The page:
Sayers's Wartime Writing
Updated: Apr 6
I was glad to see The Man Born to be King mentioned in the Wade Center’s recent Off the Shelf blog post. The blog offered suggested readings for uncertain times from the Wade authors, including Dorothy L. Sayers. It prompted me to take another look at Sayers's other wartime writing beyond my main research focus of The Man Born to be King. These include:
The Christ of the Creeds and Other Broadcast Messages to the British People during World War II (BBC Broadcast, 1941. In Print: Dorothy L. Sayers Society, 2008, ed. Suzanne Bray)
The Christ of the Creeds explains the essentials of Christian theology in everyday language to the British wartime nation that was becoming suddenly more aware of its spiritual needs. There had been a long decline in church participation after the end of the WWI and the Religious Broadcasting department of the BBC (British Broadcasting Corporation) wanted to give the public substantive food for thought. Sayers was the first layperson to be asked to give such talks about faith for the BBC, and the success of this series opened to door to others including C.S. Lewis’s Mere Christianity talks.
Begin Here; A Wartime Essay (Gollancz, 1940)
The Mind of the Maker (Methuen, 1941)
"Vocation in Work" in A Christian Basis for the Post-War World (Student Christian Movement Press, 1942)
Unpopular Opinion (Gollancz, 1946)- including wartime essays and speeches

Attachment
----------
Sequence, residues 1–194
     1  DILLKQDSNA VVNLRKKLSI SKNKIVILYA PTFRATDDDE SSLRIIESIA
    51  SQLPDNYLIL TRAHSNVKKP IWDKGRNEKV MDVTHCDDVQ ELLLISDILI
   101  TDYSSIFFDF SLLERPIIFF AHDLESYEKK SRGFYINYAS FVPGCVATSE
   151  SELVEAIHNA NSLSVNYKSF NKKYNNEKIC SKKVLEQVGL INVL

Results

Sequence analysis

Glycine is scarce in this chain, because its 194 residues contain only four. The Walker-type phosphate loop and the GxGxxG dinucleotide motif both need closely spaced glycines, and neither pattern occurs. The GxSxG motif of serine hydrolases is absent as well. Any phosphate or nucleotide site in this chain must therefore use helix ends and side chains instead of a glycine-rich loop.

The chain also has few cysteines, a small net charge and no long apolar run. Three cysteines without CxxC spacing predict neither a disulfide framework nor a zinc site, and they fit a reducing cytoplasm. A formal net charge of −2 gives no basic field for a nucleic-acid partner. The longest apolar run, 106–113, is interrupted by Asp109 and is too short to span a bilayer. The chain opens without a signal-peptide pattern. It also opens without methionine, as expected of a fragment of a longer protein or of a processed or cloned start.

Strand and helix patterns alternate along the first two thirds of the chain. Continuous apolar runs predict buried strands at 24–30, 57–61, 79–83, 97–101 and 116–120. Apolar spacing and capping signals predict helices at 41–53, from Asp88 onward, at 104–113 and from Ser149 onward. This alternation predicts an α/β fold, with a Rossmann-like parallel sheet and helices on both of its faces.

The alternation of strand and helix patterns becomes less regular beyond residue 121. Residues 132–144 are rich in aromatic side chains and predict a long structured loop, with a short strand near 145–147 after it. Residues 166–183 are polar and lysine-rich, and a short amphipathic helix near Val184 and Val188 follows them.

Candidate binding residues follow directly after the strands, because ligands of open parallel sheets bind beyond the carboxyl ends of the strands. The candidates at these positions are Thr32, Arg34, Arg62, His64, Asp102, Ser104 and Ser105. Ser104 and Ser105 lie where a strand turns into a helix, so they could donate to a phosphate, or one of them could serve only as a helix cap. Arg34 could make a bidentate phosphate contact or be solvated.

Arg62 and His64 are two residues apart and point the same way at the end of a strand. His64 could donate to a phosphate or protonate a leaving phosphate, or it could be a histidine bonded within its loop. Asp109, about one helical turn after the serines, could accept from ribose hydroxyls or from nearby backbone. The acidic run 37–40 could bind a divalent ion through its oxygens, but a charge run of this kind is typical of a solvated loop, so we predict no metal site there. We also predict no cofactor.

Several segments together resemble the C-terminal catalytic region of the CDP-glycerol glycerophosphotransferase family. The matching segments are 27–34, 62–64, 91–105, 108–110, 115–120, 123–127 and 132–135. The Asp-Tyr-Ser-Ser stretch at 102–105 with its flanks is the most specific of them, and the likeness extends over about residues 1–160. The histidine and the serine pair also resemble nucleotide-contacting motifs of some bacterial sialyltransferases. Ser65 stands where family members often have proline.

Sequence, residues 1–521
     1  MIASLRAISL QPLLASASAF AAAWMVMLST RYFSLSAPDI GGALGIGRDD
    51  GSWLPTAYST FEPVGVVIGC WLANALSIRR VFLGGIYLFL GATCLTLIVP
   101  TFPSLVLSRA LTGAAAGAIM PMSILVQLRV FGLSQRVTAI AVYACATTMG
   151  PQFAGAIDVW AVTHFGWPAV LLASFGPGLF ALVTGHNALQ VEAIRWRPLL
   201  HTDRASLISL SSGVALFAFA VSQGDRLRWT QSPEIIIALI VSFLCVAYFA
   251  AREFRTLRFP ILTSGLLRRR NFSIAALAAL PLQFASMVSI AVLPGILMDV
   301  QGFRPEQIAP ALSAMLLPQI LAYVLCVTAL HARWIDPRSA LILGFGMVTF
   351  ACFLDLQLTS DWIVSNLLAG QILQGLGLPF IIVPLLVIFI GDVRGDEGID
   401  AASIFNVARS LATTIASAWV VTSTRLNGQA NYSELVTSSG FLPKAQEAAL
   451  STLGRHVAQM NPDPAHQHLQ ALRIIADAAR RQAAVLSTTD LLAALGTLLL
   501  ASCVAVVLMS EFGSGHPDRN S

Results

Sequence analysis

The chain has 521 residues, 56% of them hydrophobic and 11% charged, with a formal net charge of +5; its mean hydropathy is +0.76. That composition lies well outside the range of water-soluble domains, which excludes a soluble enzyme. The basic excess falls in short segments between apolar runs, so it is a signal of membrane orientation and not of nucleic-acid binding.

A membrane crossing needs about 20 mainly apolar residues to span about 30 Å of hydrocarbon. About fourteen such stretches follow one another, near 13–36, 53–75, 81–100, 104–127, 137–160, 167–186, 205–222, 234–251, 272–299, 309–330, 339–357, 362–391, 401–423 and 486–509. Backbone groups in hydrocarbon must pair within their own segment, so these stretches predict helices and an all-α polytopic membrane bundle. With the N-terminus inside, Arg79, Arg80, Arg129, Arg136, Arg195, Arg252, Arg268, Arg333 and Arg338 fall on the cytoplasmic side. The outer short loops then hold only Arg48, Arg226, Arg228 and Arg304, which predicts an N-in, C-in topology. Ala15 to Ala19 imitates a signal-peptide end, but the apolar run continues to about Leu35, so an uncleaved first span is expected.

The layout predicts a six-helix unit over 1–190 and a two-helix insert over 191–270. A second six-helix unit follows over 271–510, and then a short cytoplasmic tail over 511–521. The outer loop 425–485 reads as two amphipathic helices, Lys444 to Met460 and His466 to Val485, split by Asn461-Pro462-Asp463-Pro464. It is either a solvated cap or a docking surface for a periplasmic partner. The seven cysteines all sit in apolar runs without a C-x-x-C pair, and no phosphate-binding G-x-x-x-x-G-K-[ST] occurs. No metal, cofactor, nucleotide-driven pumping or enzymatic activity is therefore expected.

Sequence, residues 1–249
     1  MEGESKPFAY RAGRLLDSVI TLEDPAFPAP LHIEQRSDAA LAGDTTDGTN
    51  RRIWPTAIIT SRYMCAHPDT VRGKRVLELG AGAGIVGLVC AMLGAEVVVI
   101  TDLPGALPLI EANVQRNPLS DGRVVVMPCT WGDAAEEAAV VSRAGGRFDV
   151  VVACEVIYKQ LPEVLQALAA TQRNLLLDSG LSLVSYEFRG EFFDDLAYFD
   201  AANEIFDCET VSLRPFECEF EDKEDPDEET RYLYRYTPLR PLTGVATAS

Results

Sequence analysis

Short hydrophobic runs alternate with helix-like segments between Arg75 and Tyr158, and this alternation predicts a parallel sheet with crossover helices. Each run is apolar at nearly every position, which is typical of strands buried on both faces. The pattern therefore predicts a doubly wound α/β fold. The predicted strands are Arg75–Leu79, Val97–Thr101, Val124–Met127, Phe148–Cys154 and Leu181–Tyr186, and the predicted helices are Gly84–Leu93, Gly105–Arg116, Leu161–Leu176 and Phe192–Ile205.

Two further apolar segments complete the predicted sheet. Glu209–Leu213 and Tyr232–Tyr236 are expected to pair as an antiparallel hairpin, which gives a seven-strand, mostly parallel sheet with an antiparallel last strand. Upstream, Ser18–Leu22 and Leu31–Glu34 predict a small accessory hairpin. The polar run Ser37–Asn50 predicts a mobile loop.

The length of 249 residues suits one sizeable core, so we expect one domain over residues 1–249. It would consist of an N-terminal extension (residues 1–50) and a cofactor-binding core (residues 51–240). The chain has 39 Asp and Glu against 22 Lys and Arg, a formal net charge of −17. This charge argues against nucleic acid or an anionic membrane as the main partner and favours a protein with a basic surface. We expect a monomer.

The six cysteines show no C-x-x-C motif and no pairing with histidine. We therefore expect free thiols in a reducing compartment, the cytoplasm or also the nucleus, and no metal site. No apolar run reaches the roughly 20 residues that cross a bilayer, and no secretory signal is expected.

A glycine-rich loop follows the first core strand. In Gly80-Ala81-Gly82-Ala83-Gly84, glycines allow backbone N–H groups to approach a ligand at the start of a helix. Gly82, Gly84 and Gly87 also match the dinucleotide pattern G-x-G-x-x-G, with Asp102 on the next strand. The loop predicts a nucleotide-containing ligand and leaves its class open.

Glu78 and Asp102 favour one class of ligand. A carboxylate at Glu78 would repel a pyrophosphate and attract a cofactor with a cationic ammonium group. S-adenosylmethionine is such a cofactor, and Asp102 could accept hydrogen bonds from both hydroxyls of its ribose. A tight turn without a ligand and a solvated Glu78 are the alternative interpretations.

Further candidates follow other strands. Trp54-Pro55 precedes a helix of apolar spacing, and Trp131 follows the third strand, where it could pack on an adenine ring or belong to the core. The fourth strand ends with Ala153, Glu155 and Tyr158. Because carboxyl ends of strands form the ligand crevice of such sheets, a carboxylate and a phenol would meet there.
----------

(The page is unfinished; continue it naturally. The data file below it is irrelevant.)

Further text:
Sayers challenges her readers: what kind of post-war Britain do you want? How can the upheaval and ingenuity of British wartime life help create a peacetime society that is not just "advanced" but humane? (We can see G.K. Chesterton's influence here). Mandated production, rationing, conscription, and the new areas opening for women made it clear that Britain had the will to sacrifice for the common good. Sayers wants her countrymen to think ahead while still in the midst of that resourceful and creative mode, before the nation settles back into its rut or races ahead thoughtlessly.
The parallels to today’s global pandemic are clear. How we act when things are beyond our control shows us our true character: often a mixture of altruism and selfishness. Socio-economic disruptions and challenges put limits on us, but can also free us to make different choices: to develop more genuine love of God and neighbor.
Even the Parrot (Methuen, 1944)
This is Sayers at her silliest. Writing in the style of a heavy-handed Victorian book for children, she tells five morality tales of Nurse Nature and her young charges Matilda and Archibald Lively. Through an animal object lesson in each story, they discover how certain societal practices are out of step with the way humans are naturally designed. Though tongue-in-cheek and dryly subtle, the themes are remarkably in step with Sayers's other wartime writing. The stories also have interesting hints of wartime life: blackout curtains, children being woken up by air-raid sirens, maids going off to work in munitions factories, and children being sent to the countryside for safety.
There are so many good wartime letters! Here are excerpt from some of my favorites:
To Her Son, John Anthony Fleming, 23 June 1940 (Letters of Dorothy L. Sayers, Vol. 2)